Drought resisters can help keep garden going when others fail
By Jimmy Williams
Posted: Tuesday, July 17, 2012 8:00 pm
Harping — and carping — on drought is no more fun than dealing with it. With drought becoming a way of life, however, dealing with it the best way we can bears repetition.
Extensive artificial watering, it goes without saying, is a requisite. It reaches the point in extreme conditions (that’s now) that almost every other gardening endeavor is ceded over to merely keeping things alive as you spend hours holding hoses or hauling water. If you have too much stuff in outlying areas, a lot of it is going by the boards despite heroic effort.
Throughout the years (38!) at our present garden, there have been precious few woody plants that have stood up to severe droughts. We’ve looked here at some of them before, but I have since noticed others. To say the least, there has been plenty of opportunity to test them during the past several years.
Arizona cypress (Cupressus arizonica) is, as the botanical moniker suggests, a true cypress. (The common local native bald cypress is not a cypress at all.) And, again, as the name suggests, it is a native of Arizona, but also ranges from west Texas to southern California.
I have become enamored with this tree for the 15 or so years I have had it. I can truthfully say that none of the dozen or so I have planted has succumbed to drought. This is even more remarkable, since none of them has ever been watered, even in their first year after planting.
The Arizona cypress is evergreen, or, rather, everblue. The foliage is the thing here, a bright silver-blue the year-round, making for marvelous, and extremely fragrant, Christmas greenery (blue-ery?). The tree is a conifer, and the cones, which don’t resemble pine cones, stay closed for years until, in its native habitat, the forest burns and the cones split open, allowing the seeds to fall and re-forest the ground.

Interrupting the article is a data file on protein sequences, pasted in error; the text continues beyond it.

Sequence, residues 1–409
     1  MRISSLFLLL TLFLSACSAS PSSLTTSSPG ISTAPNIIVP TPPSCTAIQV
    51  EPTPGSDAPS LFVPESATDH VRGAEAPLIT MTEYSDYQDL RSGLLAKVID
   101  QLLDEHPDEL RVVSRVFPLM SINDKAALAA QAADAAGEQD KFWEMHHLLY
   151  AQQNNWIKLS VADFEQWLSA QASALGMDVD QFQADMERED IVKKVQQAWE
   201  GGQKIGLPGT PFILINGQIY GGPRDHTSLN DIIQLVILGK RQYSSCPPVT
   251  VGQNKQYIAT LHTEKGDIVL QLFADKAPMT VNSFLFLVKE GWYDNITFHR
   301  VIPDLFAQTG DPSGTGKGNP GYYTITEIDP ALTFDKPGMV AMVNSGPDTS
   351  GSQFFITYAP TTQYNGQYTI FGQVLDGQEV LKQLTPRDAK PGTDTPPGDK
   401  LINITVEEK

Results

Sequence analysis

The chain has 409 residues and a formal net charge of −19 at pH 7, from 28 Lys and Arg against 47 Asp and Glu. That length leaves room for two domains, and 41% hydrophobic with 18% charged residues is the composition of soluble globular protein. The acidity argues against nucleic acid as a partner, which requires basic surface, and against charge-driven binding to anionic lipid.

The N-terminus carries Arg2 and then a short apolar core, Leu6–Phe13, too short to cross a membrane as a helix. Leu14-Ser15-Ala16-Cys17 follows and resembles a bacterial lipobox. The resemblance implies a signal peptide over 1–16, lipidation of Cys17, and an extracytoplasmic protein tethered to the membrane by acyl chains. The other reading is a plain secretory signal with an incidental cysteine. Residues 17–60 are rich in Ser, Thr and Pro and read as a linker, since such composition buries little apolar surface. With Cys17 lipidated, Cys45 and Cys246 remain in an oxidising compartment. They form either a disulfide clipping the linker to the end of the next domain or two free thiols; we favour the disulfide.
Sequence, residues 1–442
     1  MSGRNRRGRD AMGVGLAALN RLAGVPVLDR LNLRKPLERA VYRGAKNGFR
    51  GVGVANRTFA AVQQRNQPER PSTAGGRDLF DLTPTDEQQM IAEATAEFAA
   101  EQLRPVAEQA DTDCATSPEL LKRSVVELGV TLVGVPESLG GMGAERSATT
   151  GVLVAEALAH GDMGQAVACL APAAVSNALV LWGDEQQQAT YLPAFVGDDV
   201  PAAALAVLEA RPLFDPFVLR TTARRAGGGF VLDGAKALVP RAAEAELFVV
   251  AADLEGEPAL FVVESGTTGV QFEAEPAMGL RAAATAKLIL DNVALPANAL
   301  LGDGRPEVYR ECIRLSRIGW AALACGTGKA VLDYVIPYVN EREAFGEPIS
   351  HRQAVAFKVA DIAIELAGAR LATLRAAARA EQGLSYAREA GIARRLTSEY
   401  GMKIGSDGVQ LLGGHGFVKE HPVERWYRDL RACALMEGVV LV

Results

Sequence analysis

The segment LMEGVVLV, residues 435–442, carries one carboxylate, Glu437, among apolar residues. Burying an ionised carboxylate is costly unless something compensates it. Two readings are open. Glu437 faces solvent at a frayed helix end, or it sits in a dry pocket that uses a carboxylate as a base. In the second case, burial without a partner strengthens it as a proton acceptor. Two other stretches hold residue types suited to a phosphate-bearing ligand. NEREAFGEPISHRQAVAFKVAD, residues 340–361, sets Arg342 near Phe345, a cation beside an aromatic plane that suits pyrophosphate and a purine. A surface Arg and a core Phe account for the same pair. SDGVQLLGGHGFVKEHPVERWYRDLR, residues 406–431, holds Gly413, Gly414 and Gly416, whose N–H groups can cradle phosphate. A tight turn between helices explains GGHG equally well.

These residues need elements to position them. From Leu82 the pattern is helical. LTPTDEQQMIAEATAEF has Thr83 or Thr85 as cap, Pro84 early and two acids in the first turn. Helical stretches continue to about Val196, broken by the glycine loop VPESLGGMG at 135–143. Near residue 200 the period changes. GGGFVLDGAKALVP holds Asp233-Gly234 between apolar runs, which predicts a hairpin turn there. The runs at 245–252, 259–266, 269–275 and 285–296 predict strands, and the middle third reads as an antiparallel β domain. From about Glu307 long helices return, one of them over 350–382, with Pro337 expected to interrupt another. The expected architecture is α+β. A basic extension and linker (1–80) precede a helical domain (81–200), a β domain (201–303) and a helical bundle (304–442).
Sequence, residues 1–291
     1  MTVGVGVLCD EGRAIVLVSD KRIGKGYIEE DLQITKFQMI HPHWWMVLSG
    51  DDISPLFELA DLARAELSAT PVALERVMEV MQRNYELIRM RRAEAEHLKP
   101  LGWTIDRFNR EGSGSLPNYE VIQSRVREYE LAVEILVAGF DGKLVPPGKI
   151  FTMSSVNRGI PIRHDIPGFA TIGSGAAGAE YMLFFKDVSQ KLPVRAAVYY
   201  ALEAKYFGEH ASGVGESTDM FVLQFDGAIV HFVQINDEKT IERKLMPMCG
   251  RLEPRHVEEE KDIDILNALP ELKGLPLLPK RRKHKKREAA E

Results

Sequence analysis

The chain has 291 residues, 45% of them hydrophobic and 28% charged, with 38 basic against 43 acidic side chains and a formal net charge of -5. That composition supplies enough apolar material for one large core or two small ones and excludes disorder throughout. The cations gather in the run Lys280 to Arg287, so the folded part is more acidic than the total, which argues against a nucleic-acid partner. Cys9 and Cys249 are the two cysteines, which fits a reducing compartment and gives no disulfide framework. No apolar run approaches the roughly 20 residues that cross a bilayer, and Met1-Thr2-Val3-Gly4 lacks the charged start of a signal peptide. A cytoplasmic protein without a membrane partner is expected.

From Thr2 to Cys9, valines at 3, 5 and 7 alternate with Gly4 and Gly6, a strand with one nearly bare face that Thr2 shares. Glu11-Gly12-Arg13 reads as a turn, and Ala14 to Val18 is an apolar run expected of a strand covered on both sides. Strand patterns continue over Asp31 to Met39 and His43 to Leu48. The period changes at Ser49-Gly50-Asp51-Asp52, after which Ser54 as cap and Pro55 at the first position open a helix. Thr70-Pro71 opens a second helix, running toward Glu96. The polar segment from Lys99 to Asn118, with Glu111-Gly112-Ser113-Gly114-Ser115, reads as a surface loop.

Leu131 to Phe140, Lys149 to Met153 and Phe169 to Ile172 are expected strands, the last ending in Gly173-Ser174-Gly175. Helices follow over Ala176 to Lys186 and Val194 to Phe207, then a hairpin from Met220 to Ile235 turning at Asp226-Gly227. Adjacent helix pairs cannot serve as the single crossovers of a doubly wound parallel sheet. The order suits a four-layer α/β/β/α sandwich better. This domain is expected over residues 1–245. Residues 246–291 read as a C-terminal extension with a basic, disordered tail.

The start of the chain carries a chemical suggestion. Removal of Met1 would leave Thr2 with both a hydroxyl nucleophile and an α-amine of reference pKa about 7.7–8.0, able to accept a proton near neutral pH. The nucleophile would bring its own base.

Arizona cypress is winter hardy to zone 7. Several of mine are in the most unhospitable area of our property, in virtual hardpan, and have grown away like the proverbial green bay tree. Others, in more amenable conditions, have been even faster. Some, in partial shade, have a looser look, but are still most attractive.
Arizona cypress will grow to 50 feet or so in a conical form, and rapidly at that. I prefer it to Leyland cypress, which grows to about the same size and at the same speed.
Named varieties of Arizonas have tighter needles, more fastigiate structure, and other variables. However, the straight species is well and good. Any of them are excellent for large-scale screening.
Lower down, nandinas are extremely drought resistant, but not drought proof. I have lost very few of our scores of them due to drought. Nandinas are among my favorite shrubs for screening, foundation planting and massing in mixed borders. Their berries (on most kinds; a few are sterile) are borne in great swags and are a winter attraction. They mix well with Arizona cypress foliage in yule decor.
A surprise has been the drought resistance of camellias. The ones hardy in our zone are mostly fall and winter flowering (some in spring), when the bloom is most appreciated.
Azaleas, which prefer the same conditions (organic soil, part shade) as camellias, are most definitely not drought resistant. I have lost tons of them to drought.
Camellias, on the other hand, have maintained their glossy, evergreen foliage even in dry years, seldom even drooping, growing amidst a graveyard of dried up azaleas. Camellias are greatly underused here; just be sure you get the winter-hardy ones.
Boxwoods will stand considerable drought, once they are established, after two or three years in the ground. Several in our dry woods have survived 10 years or more, but with occasional watering in extreme years.
Spireas, ditto. Though most of them are called “full sun” plants, they will thrive and bloom in considerable shade. Tough as nails and easy fillers among azaleas and other woodland plants, spireas seldom ever wilt when other things around them are going under.
Hydrangeas are water-hungry plants, to be sure, but some of the old ones (i.e. Hills of Snow, often found around old homesites) will take a lot of drought. They will look like stubble for the duration, and they don’t like it, but when rains return they bounce back. Hills of Snow is white, and flowers on new wood. Don’t expect any such performance under drought conditions with the blue mopheads.
From Poor Willie’s Almanack: It’s just going to get worse.
Editor’s note: Jimmy Williams is the garden writer at The Paris Post-Intelligencer, where he can be contacted on Mondays at (731) 642-1162.
Published in The Messenger 7.17.12